The literary force and, I would say, political strength of Paola Regeni’s words always arouse wonder and admiration.
“Actions, not commemorations,” said the mother of Giulio Regeni, the Italian researcher killed in Cairo, before the Subcommittee on Human Rights of the European Parliament, on Wednesday.
The commemorations are not useless — far from it — but they inevitably bring resignation and irreparable finality. Consummatum est: It remains, and the memory can even be renewed, but it will be a permanently exhausted memory.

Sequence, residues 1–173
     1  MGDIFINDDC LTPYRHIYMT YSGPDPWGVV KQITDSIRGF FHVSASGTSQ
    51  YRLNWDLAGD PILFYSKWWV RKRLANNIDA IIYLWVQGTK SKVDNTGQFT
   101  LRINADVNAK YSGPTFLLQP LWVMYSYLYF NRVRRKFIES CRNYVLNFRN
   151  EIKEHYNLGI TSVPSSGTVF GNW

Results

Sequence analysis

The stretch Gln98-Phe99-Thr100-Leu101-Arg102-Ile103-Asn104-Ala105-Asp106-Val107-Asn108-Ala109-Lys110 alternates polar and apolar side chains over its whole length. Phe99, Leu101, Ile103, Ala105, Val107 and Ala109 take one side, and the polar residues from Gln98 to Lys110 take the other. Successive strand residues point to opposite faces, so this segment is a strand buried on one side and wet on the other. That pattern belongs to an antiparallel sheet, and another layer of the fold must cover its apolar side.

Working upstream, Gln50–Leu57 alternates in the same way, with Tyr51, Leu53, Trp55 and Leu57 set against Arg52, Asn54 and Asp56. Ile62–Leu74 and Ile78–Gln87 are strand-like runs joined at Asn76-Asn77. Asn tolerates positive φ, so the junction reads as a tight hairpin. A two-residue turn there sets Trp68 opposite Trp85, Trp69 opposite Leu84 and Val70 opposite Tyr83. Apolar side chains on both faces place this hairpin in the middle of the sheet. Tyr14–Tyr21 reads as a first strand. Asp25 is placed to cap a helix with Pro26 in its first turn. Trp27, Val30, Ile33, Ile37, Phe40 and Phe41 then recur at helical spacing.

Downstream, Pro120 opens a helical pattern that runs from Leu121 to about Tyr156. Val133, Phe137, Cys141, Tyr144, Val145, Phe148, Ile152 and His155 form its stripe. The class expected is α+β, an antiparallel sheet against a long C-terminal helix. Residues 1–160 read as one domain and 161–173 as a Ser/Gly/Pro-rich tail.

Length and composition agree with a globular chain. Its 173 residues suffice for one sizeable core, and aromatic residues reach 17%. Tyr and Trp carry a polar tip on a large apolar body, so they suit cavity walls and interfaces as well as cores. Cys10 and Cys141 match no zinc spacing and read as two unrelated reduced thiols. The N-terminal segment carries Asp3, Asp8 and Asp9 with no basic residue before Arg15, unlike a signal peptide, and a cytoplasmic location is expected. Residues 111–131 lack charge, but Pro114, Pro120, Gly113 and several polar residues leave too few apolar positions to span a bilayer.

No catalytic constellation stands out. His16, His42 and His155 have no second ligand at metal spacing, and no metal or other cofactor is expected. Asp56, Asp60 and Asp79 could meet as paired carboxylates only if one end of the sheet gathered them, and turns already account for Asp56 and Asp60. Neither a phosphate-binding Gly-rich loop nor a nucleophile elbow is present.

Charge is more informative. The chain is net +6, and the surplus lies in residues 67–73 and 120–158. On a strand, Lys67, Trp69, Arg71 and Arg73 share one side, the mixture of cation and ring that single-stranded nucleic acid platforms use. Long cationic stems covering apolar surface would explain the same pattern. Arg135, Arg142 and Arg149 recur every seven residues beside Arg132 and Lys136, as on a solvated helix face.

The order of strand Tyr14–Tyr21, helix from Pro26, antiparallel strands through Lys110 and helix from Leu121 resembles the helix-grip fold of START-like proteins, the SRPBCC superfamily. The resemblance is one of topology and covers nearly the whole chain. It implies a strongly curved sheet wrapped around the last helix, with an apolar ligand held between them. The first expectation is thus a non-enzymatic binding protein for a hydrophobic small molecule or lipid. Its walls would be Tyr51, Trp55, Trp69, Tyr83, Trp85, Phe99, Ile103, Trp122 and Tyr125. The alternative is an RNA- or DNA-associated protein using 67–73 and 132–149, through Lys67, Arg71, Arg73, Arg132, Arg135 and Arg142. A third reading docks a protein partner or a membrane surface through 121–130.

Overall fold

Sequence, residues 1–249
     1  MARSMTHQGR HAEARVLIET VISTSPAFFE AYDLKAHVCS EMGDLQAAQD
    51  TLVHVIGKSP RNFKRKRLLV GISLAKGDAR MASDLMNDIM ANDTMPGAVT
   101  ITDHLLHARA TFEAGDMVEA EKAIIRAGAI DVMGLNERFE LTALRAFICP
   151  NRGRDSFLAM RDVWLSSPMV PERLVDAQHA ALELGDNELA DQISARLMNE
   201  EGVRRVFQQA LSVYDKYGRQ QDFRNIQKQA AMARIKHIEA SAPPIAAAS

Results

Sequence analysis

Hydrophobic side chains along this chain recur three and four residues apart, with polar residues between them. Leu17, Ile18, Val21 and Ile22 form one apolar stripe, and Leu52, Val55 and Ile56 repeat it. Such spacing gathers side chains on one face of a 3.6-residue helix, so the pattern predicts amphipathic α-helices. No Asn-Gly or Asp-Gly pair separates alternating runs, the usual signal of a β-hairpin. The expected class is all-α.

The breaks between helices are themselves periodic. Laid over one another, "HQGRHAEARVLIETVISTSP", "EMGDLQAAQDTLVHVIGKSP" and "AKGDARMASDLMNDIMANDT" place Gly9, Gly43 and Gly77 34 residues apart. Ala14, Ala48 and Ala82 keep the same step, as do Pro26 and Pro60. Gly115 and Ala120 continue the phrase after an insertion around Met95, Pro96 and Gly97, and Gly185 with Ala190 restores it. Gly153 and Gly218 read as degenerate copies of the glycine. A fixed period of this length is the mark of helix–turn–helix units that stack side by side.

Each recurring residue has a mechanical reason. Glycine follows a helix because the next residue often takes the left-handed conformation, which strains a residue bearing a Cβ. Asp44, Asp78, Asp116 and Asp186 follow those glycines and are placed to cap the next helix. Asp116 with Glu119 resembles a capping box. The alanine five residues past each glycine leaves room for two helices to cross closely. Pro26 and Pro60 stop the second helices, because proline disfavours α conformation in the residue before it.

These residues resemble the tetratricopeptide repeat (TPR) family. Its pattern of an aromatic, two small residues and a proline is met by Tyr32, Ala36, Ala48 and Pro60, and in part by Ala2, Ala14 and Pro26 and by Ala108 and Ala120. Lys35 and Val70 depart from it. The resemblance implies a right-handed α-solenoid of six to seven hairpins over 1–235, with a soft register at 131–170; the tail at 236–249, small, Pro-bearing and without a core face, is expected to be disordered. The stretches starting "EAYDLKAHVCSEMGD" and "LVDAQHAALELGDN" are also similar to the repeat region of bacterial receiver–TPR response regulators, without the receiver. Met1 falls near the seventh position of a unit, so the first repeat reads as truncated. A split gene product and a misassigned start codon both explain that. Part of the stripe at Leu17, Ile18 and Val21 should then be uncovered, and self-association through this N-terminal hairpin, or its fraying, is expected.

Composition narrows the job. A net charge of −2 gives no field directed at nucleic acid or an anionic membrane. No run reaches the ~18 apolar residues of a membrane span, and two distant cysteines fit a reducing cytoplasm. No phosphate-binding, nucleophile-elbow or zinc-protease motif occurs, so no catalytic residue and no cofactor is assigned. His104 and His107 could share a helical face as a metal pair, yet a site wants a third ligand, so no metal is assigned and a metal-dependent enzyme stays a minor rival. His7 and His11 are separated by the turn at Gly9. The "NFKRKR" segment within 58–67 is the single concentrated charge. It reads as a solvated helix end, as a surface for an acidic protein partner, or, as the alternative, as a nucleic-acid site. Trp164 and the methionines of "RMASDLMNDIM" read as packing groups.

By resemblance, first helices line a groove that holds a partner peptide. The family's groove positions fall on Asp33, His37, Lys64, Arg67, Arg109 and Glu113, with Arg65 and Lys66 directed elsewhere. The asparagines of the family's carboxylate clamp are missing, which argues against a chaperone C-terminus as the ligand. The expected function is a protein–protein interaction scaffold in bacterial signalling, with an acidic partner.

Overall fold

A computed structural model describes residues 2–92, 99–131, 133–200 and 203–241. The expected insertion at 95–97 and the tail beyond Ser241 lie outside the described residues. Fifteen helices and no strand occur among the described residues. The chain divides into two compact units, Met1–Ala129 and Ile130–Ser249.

That can stand like a monument, even a powerful one, but not viable. And the “actions” of Paola and Claudio Regeni, in their role of “parents moving around institutions” (as they define themselves), they wanted to, once again, declare the clear and inescapable words, asking the Italian government and the E.U. to “increase pressure on Egypt for a transparent investigation.”